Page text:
Rev. 14:3 –They sang a new song before the throne and before the four living creatures and the elders, but no one could learn the song except the 144,000 who had been redeemed from the earth. (HCSB)
They sang a new song
John records in verse 3, “They sang a new song before the throne and before the four living creatures and the elders, but no one could learn the song except the 144,000 who had been redeemed from the earth.” Is this the same “new song” that the elders sing in chapter 5? And why are its melody and words limited to the 144,000?
Some commentators argue that the song here is different from the elders’ song in Revelation 5 because no one can learn it except the 144,000. Others contend it is the same song, which the elders, who represent both Old and New Covenant believers in Revelation 5, are able to teach the 144,000 in Revelation 14.
We are given the words to the elders’ song in Revelation 5: “You [the Lamb] are worthy to take the scroll and to open its seals; because You were slaughtered, and You redeemed [people] for God by Your blood from every tribe and language and people and nation. You made them a kingdom and priests to our God, and they will reign on the earth” (Rev. 5:9-10). Perhaps these are the same words of the “new song” in Revelation 14, which those redeemed from the earth sing before heaven’s throne.
In any case, it appears this “new song” is a song of redemption, and the reason it’s confined to the 144,000 is because they are redeemed people. Unbelievers cannot legitimately sing this song because they have not experienced the salvation purchased with Christ’s blood. They may mouth the words, but their lip-synching will never exalt them to heavenly portals or entitle them to join the heavenly choir of equally vile sinners who have been wonderfully transformed by the blood of the Lamb.
Previously – I heard every creature: Rev. 5:13-14
Rev. 5:13 – I heard every creature in heaven, on earth, under the earth, on the sea, and everything in them say: Blessing and honor and glory and dominion to the One seated on the throne, and to the Lamb, forever and ever! 14The four living creatures said, ‘Amen,’ and the elders fell down and worshiped (HCSB).
The four-fold doxology of all creatures borrows from the previous proclamation of the church and the angels – with one exception: the “dominion” of the One seated on the throne, and of the Lamb, is added to blessing, honor and glory. The Greek word translated “dominion” is kratos, which refers to might or mighty deed. It differs from other Greek words rendered “dominion,” such as kyriotes, used elsewhere in the New Testament and meaning lordship, and exousia, which in Acts 18, referring to the believers’ transfer from the kingdom of Satan into the kingdom of God, emphasizes freedom of choice.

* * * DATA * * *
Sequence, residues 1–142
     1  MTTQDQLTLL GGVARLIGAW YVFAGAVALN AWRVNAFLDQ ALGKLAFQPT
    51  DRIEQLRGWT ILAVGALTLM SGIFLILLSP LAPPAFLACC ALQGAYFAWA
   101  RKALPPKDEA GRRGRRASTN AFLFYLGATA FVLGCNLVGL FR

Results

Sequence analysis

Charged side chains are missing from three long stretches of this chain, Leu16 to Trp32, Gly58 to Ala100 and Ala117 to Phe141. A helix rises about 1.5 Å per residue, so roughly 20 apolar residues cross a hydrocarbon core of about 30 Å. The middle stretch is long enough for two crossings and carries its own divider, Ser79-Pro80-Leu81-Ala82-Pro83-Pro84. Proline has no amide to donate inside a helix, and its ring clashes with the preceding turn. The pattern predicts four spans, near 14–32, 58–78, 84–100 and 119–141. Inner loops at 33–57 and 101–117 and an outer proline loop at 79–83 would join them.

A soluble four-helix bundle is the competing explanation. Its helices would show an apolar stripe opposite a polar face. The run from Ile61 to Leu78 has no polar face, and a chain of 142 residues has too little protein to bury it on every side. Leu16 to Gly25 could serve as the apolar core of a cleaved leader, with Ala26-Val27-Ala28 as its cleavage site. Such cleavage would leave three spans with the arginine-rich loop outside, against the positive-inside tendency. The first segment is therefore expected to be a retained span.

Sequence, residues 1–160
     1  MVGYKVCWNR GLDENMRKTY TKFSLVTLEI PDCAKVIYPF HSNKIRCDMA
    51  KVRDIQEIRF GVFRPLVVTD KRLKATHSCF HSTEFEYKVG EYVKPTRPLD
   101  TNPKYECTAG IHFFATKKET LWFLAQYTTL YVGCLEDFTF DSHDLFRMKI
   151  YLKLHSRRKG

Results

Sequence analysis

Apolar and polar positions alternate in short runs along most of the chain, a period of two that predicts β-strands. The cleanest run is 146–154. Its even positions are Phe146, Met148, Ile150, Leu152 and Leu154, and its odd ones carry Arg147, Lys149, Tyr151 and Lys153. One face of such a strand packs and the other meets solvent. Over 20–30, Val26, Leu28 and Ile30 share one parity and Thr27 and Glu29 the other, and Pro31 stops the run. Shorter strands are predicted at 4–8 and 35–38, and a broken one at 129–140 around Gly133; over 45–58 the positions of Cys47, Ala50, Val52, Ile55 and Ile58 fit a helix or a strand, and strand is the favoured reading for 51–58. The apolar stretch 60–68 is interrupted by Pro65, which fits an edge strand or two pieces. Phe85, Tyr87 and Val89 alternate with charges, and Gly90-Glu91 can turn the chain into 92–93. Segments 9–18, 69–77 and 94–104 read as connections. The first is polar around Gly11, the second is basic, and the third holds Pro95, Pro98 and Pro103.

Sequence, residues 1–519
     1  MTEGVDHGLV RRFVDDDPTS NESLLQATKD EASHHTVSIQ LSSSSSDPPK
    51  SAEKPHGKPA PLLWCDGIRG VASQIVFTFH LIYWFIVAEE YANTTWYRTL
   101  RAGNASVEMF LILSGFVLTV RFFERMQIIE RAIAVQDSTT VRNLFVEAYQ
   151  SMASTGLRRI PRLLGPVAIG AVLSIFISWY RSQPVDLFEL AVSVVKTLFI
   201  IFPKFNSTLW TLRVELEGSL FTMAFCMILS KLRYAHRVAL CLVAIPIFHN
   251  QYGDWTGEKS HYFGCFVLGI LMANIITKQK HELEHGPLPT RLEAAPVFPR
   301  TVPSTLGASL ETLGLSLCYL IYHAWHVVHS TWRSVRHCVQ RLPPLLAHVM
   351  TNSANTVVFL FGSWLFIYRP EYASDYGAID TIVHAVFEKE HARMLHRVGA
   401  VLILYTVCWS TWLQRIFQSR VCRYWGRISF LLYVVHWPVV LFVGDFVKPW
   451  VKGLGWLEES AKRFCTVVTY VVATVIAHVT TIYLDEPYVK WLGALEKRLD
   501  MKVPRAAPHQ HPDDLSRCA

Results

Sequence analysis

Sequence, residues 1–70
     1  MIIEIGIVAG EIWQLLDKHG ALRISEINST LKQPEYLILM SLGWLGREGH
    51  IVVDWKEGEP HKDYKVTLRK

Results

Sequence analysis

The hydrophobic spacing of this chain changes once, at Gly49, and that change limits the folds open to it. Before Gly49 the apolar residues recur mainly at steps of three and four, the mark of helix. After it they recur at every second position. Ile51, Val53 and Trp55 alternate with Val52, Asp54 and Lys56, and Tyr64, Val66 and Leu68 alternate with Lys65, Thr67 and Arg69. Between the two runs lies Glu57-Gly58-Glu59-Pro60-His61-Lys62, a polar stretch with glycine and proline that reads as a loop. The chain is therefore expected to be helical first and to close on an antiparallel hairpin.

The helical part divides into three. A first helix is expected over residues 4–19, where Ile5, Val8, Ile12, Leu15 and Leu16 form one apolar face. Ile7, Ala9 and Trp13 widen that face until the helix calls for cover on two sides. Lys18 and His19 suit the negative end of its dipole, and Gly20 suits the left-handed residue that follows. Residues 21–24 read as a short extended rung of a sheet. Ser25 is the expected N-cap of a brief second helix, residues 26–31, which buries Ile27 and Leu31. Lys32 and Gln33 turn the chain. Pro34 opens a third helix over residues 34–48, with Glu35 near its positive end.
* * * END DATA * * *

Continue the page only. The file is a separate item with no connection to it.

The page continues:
So why do the creatures focus on God’s might rather than His lordship or sovereignty over human choices? Perhaps it is because all creatures necessarily display the mighty acts of God in their very beings, while His lordship requires acknowledgement, and entrance into the kingdom of God requires choice.
While God rules over all creation, He delegates authority to people. This is not an afterthought but an integral part of God’s divine design for mankind. In Gen. 1:26 God says, “Let Us make man in Our image, according to Our likeness. They will rule the fish of the sea, the birds of the sky, the animals, all the earth, and the creatures that crawl on the earth.” David declares in Ps. 8:6, “You made him (man) lord over the works of Your hands; You put everything under his feet.”
But when Adam falls, he forfeits his dominion over the earth and concedes it to Satan. As a result, all of creation falls with Adam. The ground is cursed, and Adam must eat from it by means of painful labor (Gen. 3:17). Even more, the whole creation groans with “labor pains” beneath the weight of sin (Rom. 8:22). Still, there is hope in the Lamb. The apostle Paul writes joyously, “For I consider that the sufferings of this present time are not worth comparing with the glory that is going to be revealed to us. For the creation eagerly waits with anticipation for God’s sons to be revealed. For the creation was subjected to futility – not willingly, but because of Him who subjected it – in the hope that the creation itself will also be set free from the bondage of corruption into the glorious freedom of God’s children” (Rom. 8:18-21).